Bed, Breakfast, and BONES is the best-selling first novel in the popular Ravenwood Cove cozy mystery series, with over 3000 reader reviews. Want to see why it's so well-loved? Here's the first chapter, exclusively for Sleuthing Women blog readers!
“I’d burn it to the ground.”
Amanda Graham swiveled her head toward her friend, incredulous.
Beth’s voice was determined and serious. “Burn it. All of it. One lit match, a couple gallons of kerosene, and WHOOSH. A lovely empty lot to sell. With an ocean view.”
Amanda took a long, hard look at the abandoned Ravenwood Inn, huge and empty for years. It sprawled across the shaded lawn like the bleached skeleton of a once-fine debutante, left to rot after a long history of visiting friends and elegant parties. Every line of its Victorian frame, the wide porches, and gingerbread details on the many balconies, showed that it had once been loved in this little coastal town. If Amanda used her imagination a bit, she could almost hear the laughter and see the ghosts of the previous guests as they walked arm in arm up the broad front steps, decked out in their finest evening attire from decades past.
“Some of it’s brick. It wouldn’t burn well anyway,” she said, trying to sound pragmatic. Maybe she was looking at the situation with rose-colored glasses, but her mind was made up. If she was going to live in the Inn, she was going to have to look past the peeling paint and boarded-up windows.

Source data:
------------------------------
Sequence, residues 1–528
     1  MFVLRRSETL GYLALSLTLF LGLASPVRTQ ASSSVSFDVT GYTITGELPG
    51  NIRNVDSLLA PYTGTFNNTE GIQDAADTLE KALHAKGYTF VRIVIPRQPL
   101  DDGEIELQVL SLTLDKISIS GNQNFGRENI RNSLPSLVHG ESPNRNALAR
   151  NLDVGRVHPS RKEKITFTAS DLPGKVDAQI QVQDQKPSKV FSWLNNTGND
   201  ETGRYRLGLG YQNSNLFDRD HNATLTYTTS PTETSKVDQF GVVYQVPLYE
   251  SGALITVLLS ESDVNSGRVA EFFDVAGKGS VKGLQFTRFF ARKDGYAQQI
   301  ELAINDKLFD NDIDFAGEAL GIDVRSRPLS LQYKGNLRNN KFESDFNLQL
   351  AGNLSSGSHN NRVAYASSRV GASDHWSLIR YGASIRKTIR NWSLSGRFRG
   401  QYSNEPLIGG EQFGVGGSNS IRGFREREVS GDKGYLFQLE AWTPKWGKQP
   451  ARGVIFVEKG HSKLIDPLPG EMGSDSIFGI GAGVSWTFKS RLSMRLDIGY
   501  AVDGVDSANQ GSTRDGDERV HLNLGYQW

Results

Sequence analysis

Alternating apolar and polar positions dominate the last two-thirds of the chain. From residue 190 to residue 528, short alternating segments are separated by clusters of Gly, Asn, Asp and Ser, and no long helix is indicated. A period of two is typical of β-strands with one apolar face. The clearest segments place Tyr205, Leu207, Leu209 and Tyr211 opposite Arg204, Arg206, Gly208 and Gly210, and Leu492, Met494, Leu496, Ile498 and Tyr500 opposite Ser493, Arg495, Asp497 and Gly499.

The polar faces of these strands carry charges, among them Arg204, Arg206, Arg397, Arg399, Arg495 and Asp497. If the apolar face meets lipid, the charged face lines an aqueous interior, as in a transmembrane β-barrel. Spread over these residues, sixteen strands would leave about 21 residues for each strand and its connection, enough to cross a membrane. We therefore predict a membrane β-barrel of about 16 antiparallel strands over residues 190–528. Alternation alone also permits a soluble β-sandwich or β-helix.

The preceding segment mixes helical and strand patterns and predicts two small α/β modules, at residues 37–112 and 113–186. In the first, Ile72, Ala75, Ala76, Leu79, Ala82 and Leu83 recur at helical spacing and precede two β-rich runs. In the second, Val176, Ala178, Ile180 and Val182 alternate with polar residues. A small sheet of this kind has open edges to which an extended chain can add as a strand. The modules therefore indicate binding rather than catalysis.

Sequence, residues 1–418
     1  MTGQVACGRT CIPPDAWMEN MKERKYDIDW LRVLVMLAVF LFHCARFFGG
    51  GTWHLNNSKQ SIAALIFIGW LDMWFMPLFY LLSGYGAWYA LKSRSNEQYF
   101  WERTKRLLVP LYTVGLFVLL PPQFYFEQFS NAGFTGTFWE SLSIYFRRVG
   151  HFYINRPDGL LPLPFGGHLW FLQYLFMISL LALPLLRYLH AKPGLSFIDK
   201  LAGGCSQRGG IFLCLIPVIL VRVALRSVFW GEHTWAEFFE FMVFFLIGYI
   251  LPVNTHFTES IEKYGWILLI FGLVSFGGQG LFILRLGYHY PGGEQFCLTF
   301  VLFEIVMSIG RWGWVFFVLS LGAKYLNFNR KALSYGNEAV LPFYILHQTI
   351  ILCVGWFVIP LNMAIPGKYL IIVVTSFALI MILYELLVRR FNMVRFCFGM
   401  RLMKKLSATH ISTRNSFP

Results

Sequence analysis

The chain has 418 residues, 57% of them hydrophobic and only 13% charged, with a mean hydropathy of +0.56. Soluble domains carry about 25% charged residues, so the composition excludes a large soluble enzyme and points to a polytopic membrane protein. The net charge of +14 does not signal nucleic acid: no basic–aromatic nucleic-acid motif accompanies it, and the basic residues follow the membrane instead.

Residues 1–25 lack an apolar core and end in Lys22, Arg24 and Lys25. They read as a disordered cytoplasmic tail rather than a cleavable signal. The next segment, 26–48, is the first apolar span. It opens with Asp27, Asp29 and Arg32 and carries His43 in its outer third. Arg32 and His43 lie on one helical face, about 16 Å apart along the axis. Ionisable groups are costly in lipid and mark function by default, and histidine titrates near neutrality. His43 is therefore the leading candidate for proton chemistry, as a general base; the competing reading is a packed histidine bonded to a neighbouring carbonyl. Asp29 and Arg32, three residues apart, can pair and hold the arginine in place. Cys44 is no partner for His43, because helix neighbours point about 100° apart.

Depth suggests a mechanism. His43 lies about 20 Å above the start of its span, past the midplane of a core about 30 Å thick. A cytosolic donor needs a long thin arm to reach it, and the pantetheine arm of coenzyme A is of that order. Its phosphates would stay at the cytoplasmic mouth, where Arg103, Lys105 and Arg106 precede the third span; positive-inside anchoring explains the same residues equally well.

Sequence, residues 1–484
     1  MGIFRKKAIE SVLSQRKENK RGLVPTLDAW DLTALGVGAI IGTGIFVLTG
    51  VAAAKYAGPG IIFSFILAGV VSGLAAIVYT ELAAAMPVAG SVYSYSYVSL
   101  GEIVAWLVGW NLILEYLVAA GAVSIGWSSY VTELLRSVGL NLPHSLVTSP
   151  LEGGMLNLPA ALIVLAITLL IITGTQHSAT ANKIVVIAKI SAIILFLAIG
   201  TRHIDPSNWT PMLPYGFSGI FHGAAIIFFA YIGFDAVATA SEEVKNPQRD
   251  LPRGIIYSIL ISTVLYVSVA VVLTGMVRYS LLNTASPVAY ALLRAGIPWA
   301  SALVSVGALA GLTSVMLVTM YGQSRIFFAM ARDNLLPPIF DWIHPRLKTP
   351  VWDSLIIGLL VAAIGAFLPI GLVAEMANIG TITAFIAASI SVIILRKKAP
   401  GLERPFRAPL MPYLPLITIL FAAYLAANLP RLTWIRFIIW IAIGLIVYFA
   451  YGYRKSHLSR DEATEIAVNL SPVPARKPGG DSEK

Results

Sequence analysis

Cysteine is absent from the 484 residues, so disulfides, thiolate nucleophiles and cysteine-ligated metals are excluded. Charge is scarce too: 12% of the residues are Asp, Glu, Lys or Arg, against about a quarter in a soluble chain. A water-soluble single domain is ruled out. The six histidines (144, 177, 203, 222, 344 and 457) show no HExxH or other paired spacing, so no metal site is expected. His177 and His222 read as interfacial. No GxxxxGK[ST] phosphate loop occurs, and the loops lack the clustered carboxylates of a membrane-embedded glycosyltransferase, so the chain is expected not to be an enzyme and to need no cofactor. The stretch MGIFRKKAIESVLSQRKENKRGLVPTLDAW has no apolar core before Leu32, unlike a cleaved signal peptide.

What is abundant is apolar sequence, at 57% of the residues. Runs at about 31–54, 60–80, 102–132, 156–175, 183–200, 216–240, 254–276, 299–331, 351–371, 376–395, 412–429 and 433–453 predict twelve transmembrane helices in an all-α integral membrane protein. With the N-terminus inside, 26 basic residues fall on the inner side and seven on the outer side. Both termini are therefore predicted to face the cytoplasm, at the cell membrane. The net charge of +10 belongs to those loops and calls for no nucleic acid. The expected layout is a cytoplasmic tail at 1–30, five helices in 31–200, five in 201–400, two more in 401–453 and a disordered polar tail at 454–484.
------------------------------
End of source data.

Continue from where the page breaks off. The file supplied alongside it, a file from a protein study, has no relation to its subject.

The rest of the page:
“I think it just needs some work and it could be amazing. You know, for years this used to be the most popular bed and breakfast in the area. It’s probably had hundreds of guests visit here. Everyone knew the Ravenwood Inn.”
Beth looked skeptical. “What, a hundred years ago? A thousand?” She laid a gentle hand on her friend’s shoulder, but her words were brutally honest. “You’re not up to this, Amanda, and you know it. This thing’s a money pit, and to fix it up will take every last dime you made from the sale of your condo. I understand you have some weird family attachment to it, but you need to be practical.”
Just the mention of the condo’s sale gave Amanda a stab of pain. She wasn’t sorry she had sold that place after her boyfriend Ken had left her, but the whole thing had been so sordid and awful that she’d known she needed a brand-new life. When she got the word her last living relative, her uncle Conrad, had died and left her the Ravenwood Inn, she’d been both stunned and relieved. Maybe it was a sign that her need for a new life and a different place to live was coming true. Perhaps she could reinvent herself in this little town.
“I’m tired of being practical, Beth. I’ve been practical my whole life. I’m tired of having everything planned out and people telling me what to do and bad, stupid men. I need a new start.” She gave her longtime friend a rueful grin. “What better place to do it than in a small Oregon beach town off the beaten path?”
Beth snorted, unimpressed. “You mean Hicksville.”
Amanda didn’t answer. She was looking at the Inn and already doing calculations of what it would cost to fix it up. Behind her, on the other side of the quiet country road, snug cottages were surrounded by neatly trimmed flower beds and had middle-class cars in the driveways. Compared to the small family homes in the area, the derelict Inn stuck out like a sore thumb, with its old roof and knee-high tangled grass that probably hadn’t been mowed in months. Behind the building, the weak autumn sun was already setting, making the long shadows of early evening slide under the huge trees in the front and side yards. Amanda could see movement under a shrub at the side of the Inn and tried not to think about what sort of critter might be living there.